Ponsonby Baptist Church

John Avery 1779 (1/8 mechanical)

Photo JRM

Sited on a ridge, high above the harbour, Ponsonby Baptist Church was constructed in 1886 in timber in a Classical idiom, with applied pilasters, quoining and eaves brackets. The building has been carefully restored very recently and the woodwork repainted in heritage colours.

The 1779 organ built by Johannes [John] Avery, of London, is the oldest in Australasia that remains in a form close to the original. Its initial origins are unknown, the fine detail of its casework suggesting a stately home. It was selected by Dr George Elvey, of St George's Chapel, Windsor and refurbished in 1859 by Bishop, Starr & Richardson, of London, an internal inscription stating “this organ was repaired by John Smith for Bishop, Starr and Richardson, Lisson Grove, London, Novr 1859”. If this were the Bristol John Smith, then the organ may well have come from the West Country. It was sent to Auckland, where it was initially used in St Paul's Church and acquired by Ponsonby Baptist Church in 1898 from a tailor's shop, so clearly may have been in private ownership for some years.

In 1909 it was rebuilt by W.F. Willmette, organbuilder of Auckland, who possibly removed the original Sesquialtera and Cornet and replaced it by a Flute 4ft. A further rebuilding took place in 1964 by Ralph Sewell, of Auckland who may have replaced damaged Avery pipework in zinc. By the end of the 1990s the organ was a sad travesty of the original, with numerous alterations including a pedal board and pedal Bourdon. However, there was the potential for a comprehensive restoration, which was carried out in 2004-2005 by Goetze & Gwynne, of Welbeck, England in association with consultant John Maidment.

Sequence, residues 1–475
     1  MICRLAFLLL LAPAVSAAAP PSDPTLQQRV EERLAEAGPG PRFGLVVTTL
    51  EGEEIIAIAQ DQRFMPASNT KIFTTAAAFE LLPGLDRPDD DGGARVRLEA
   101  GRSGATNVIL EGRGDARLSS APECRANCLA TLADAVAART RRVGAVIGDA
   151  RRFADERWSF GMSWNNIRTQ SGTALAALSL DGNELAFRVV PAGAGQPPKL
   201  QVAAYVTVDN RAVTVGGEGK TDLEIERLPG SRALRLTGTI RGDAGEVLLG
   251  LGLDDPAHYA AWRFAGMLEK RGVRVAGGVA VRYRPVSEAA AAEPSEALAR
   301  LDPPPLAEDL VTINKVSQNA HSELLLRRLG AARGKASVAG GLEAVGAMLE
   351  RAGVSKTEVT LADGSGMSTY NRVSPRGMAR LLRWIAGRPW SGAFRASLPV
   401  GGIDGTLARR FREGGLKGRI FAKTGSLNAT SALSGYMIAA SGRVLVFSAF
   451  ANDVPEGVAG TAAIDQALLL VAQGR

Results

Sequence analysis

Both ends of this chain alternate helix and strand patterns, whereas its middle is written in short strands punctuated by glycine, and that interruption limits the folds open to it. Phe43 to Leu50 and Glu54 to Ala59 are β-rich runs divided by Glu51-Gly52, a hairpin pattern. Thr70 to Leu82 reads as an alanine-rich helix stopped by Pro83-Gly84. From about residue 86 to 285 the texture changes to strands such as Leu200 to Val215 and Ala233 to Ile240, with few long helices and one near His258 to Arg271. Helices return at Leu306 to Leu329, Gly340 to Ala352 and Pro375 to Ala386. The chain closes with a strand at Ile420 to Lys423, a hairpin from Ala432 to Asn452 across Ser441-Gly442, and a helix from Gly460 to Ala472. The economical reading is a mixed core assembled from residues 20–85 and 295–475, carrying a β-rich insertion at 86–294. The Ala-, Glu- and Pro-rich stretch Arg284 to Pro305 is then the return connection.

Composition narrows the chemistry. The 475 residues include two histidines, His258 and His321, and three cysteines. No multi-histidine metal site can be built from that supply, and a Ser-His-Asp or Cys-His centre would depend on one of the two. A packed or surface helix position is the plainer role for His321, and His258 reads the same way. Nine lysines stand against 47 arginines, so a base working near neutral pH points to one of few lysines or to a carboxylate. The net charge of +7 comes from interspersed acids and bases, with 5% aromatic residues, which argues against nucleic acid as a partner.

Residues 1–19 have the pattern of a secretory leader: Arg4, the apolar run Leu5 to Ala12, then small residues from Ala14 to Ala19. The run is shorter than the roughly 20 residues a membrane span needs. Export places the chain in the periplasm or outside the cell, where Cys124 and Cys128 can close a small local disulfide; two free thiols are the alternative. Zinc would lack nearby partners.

The restoration work included the following:

Reconstruction of the original diagonal ribbed bellows and feeder, with associated foot or hand blowing - specially constructed levers were provided to actuate the feeder. An external Ventus electric blower was also installed and a brass wind telltale fitted to the right hand stop jamb operating off the original pulley.

Full restoration of the slider windchest, having survived largely unaltered. Later veneers on the upperboards were removed to permit the reconstruction of the original stop list. The pallets were releathered with a double layer of sheepskin and some joints were sealed with animal glue and sheepskin. A new brass pull down plate was fitted. New rack boards were made for the Principal and Sesquialtera/Cornet. The Twelfth, Fifteenth, Dulciana and Sesquialtera / Cornet are placed on a raised shifting movement board operated by a new foot-operated iron lever.

The key action incorporates stickers that are mostly original, together with the original roller board. The stop action is mostly original, although the position had been changed at various periods. It incorporates iron levers, actuated by the drawstop rods, operating on the sliders.